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Battery Pack DIY: Methods and Capacity
A battery pack is a collection of batteries or individual battery cells that are all (ideally) similar. To offer the necessary voltage, capacity, or power density, they can be set in series, parallel, or a combination of both. When it comes to cordless tools, radio-controlled hobby toys, and battery electric vehicles, the term "battery pack" is frequently employed.
Seeing the importance of battery packs, it is pivotal for us to have them for our batteries. If you don’t have one, no worries! We can make one as we learn about it in this article.
18650 Battery Pack DIY Kit
Before we start making our own 18650 battery pack DIY kit, let’s talk about the battery first and get to know the battery better.
An 18650 battery is a lithium ion rechargeable battery. Their formal name is "18650 cell." The 18650 cell has a capacity of 1800 to 3500 mAh and a voltage of 3.7 volts (mili-amp-hours). The nominal voltage of an 18650 is 3.7 volts, although it can have a voltage range of 2.5 to 4.2 volts or a charging voltage of 4.2 volts.
The two categories are protected and unprotected. 18650 batteries with protected cells are highly recommended. Protected cells have a protective circuit that protects them from being overcharged.
Unprotected cells can overcharge and explode, producing a fire, unless the battery is protected by suitable electronics. In devices that are designed to handle unprotected 18650s, only utilize the popular LG HG2 and Samsung 25r batteries. We also advocate using 18650s from well-known companies that are of good quality. The quantity of mAh on knockoffs may be exaggerated.
In a 3.7v 3400mAh 18650, about 2 aH to 3.5 aH may be stored in a 18650 battery. It has a 10 to 13 watt hour capacity. A small air conditioner with a cooling capacity of 9000 BTU uses around 1100 watts per hour to operate. More than 110 18650 batteries would be required to power the air conditioner for an hour.
Three 12v 40 amp automotive batteries, on the other hand, would be necessary. Three vehicle batteries, on the other hand, are smaller than 110 18650s.
DIY 18650 Battery Pack Charger
18650 lithium-ion battery cells are likely to be the best choice if you're creating a DIY battery pack for a project. 18650 batteries are abundant and inexpensive, especially when recovered from old laptop battery packs or other sources. They must, however, be balanced before they may be utilized properly.
For the soldering project, we'll need the following tools and supplies:
Step 1: To assemble the PCB, just arrange all of the components on the board in the order provided. We started with the charging boards and worked my way up to the larger components.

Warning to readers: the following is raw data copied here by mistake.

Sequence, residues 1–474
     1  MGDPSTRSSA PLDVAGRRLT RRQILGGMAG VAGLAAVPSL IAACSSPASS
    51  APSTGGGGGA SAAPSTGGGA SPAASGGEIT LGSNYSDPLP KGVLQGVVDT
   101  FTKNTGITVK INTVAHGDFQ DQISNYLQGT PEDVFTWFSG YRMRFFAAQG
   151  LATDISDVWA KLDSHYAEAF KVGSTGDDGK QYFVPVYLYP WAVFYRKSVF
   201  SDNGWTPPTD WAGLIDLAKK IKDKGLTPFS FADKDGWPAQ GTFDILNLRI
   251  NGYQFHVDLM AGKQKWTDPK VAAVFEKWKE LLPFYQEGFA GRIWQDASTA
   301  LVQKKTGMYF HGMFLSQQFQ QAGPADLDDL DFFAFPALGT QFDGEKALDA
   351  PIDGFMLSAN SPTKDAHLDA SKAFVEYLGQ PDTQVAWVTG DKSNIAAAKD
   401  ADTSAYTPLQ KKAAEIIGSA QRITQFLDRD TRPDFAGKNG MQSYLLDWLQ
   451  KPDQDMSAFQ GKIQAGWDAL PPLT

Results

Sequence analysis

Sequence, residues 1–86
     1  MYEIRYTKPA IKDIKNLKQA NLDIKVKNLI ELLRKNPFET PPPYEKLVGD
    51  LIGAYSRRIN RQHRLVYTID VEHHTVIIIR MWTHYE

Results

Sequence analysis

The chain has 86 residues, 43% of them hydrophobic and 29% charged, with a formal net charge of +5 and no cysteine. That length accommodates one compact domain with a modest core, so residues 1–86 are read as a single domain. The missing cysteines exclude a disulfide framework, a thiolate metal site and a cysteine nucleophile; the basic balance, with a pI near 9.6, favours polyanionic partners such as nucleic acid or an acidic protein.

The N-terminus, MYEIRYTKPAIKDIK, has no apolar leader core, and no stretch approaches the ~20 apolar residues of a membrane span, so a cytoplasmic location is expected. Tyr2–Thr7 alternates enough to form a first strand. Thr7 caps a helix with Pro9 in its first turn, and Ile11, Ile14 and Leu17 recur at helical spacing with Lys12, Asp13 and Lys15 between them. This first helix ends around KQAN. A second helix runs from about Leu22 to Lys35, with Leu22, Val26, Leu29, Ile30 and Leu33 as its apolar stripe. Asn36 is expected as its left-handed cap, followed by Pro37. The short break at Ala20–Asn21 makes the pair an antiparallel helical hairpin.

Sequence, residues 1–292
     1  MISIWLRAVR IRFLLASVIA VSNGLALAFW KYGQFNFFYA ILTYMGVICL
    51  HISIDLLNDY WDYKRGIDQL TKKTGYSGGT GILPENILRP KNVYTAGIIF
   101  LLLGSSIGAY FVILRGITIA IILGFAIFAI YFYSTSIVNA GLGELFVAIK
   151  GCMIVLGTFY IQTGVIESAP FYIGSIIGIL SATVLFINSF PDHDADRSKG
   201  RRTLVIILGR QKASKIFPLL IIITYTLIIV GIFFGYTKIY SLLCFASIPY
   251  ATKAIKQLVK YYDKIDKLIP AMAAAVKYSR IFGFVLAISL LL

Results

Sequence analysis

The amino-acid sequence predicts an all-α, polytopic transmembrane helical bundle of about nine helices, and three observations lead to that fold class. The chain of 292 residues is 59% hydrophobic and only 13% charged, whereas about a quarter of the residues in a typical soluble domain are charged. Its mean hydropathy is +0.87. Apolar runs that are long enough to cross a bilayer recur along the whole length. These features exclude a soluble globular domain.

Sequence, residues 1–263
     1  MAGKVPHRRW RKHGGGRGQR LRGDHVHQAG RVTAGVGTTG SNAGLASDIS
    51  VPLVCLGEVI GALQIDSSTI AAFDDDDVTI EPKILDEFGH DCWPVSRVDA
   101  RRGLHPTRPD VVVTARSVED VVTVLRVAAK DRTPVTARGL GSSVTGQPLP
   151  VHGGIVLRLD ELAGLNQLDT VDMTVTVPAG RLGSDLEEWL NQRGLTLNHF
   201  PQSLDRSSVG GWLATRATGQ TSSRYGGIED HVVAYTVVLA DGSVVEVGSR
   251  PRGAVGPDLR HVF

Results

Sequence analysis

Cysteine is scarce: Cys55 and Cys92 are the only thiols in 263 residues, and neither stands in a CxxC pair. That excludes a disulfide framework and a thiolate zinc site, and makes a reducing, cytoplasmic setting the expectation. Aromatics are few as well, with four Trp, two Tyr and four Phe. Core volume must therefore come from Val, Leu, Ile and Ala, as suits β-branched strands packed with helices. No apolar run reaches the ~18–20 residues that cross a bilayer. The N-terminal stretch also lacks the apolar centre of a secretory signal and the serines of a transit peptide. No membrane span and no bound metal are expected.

After We finished soldering all of the smaller components, we soldered the cell holders, Noe that the polarity of the cell holders and the PCBs are the same. One module took us less than 10 minutes to complete after all of the components were in place. Now we are going to put this one to the test before we construct any more modules.
Step 2: To test the module, we used a micro USB cable to connect one of the TP-4056 boards to my phone charger. This allows us to charge up to three batteries simultaneously.
To charge eight batteries, we used a PC power supply with a 5v input and an XT-60 connector. The module precisely charges each cell. The light over the charging board turns from red to blue when the cell is completely charged, and we may turn off the switch for that cell to save power.
Step 3: we have developed some additional modules to complete the charging grid now that we need to charge a lot more cells.
Because we didn't have the required standoffs, we joined the modules together using nut and bolts after they were completed. To power the entire grid, we used the same power supply as in the previous stage. Because each module is connected in series across the standoffs, supplying electricity to any one of them will power the whole grid.
The entire endeavor paid off handsomely, as we now have a custom charger that can charge as many batteries as we want. The entire charging grid costs a fraction of what professional chargers do, yet they can't charge nearly as many.
How many 18650 batteries do you need for 1 kwh?
To begin with, a battery pack with a capacity of 1kW is not practical. The difference in price between a 1kWh and a 2kWh battery pack is significant. 1000 watts = 1 kW, and 1000 watts per hour equals 1 kWh, the amount of energy stored in the battery.
For a 1kWh battery, which can come in a number of physical sizes/shapes and electrical combinations, there is no standard or THE ONE answer.
If you have 2000mAh 18650s, each one stores 7.4Wh of energy, thus you'll need 136 of them to produce a 1kWh battery (1000/7.4 136). By connecting 136 cells in parallel, a 1kWh battery with a nominal voltage of 3.7V may be created.
You'll need to connect them in series if you want a higher voltage, which you nearly definitely will. A LiIon battery should last at least 7 seconds before it has to be recharged. A 7s20p layout requires 140 cells since 136 cells cannot be evenly distributed throughout 7 packs in series. The battery will have a nominal voltage of 25.9V (7x3.7V) and a capacity of 40Ah (20x2000mAh), for a total capacity of 1036Wh (25.9Vx40Ah).
However, we can make a calculation about it. A 18650 battery has a 3.7 volt nominal voltage and a 3.5 Ah capacity. It would need 19 cells to make a 70-volt battery. A 245 Wh battery is included. To get to 12 kWh, 49 of these batteries would have to be connected in series. The battery must have a total of 931 cells to do this.